What is your take on periodization and planning from the viewpoint of energy system development, particularly in endurance athletes?
: A lot of my thoughts on periodization and planning revolve around the concept of dynamic programming and athlete-centric coaching. In practical terms, dynamic programming means that the next training week or cycle depends on the response to the prior week or cycle, and that the second cycle is not statically programmed beforehand. In other words, the periodization depends on, and gets its feedback from, the actual status of the athlete, which in an ideal scenario can even be done on a day-to-day basis. This method, also known as fluid periodization, is in contrast to the usual static programming or rigid periodization models that are often used.
A common flaw when periodizing training is to create too much polarization between training phases. For example, a traditional block periodization model for an endurance athlete may start with an accumulation phase consisting of a large base of easy aerobic training, followed by an intensification phase consisting of sport-specific training and special endurance work. Then it will finish with a realization phase where the focus is integrative preparedness and event-specific tactics.
While this approach has been shown to work in the past, I do not believe it is optimal, as it does not coincide with how our bodies build, maintain, and regulate adaptation. For example, block periodization structures are concerned with building a given training quality, like an aerobic base, for a handful of weeks, then switching the focus to something like speed in the hopes that the athlete will end up in a better position than when they started.
I believe a better approach is never to drop off any given training quality entirely. Instead, I keep touches on everything at all times, and the relative contribution of each training quality, in terms of volume and time spent on it, will be dictated by an athlete’s priority at that moment, as well as their response to training. I also advocate programming in shorter-than-average cycles with micro adjustments from cycle to cycle based on athlete feedback. These cycles will often be as short as one week, and no longer than three weeks. This allows for more dynamic adjustments and allows me to build things up and then maintain them, versus the classic block style of training where we build things up then move on, potentially letting supportive qualities degrade.
From a 1- to 3-week to 1- to 3-week cycle, it probably looks like nothing changes in the split, as the adjustments are minor, but over months there becomes a clear distinction in training splits/overall design. I liken it to the iPhone: from the first-generation iPhone to the second- or fifth-generation iPhone to the sixth, it appears that nothing has changed, but when you compare the first to the sixth there’s a massive distinction. The changes occur gradually, and you can’t point to an exact time or place where it occurred, or everything switched over.
I think this is more reflective of contemporary models of adaptation and, in practice, it simply works better. Plans are great, but adaptation isn’t that predictable. In an athlete-centric model, the next cycle just depends on the response to the prior cycle and isn’t planned beforehand. The periodization depends on and gets its feedback from the status of the athlete. Then I keep track of objective benchmarks and “guideposts” to make sure this fluid plan makes sense in the context of the competitive year.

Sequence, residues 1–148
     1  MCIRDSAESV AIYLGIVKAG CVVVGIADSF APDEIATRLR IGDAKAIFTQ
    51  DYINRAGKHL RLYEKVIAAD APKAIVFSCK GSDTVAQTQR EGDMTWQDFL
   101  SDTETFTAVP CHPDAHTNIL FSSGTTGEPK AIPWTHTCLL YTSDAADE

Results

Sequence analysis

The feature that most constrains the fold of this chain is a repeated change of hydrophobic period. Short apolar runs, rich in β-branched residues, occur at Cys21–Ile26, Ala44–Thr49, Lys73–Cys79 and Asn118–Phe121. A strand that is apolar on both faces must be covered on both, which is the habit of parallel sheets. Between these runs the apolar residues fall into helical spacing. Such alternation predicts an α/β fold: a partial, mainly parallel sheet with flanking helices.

What’s your take on blood oxygenation and occlusion, and monitoring these effects in a training program?
: Personally, I think NIRs devices like the Moxy Monitor are a game changer in the sports performance realm as a training aid, as well as for conducting testing and designing targeted training interventions. Using NIRs devices, combined with our technologies, gives us a unique perspective of how an athlete’s body copes with the physiological “problems” that come with full body exercise.
This is important, as it allows us to collect live physiological data that helps us identify an athlete’s weakest link (i.e., their heart, respiratory system, ability to use lactate as an intermediate energy source, etc.). It’s also useful for clueing us in to how an athlete will cope with, and subsequently adapt to, different types of training scenarios, as well as what the path of least resistance is in terms of protocols for eliciting said adaption.
For example, by using NIRs, we might be able to infer that an athlete has good mitochondrial and capillary density, but they’re limited in their ability to transport and deliver oxygen to the muscles. The data indicates that they’re creating vascular occlusion, which slows the removal of blood from a particular muscle group, and, as a result, cardiac output needs to increase in order to manage blood pressure and break “blockages.” Knowing this information, we can address the rate-limiting bioenergetic step in this athlete (i.e., their “limiter”) by including intervals designed to challenge cardiac output without creating a massive oxygen demand in the extremity muscles. Some ways of doing this include ischemic pre-conditioning and eccentric-based strength work intended to improve synchronization of muscle recruitment, as well as manual therapy and movement work aimed to decrease systemic tension in the extremity muscles.
If we only have so much adaptation currency to spend on training, why waste it on things that won’t bring us directly closer to our goal? Measuring blood oxygenation, occlusion trends, and so forth allows us to be more tactical in training and take an “athlete-centric approach” from theory to practice.
A true love for sports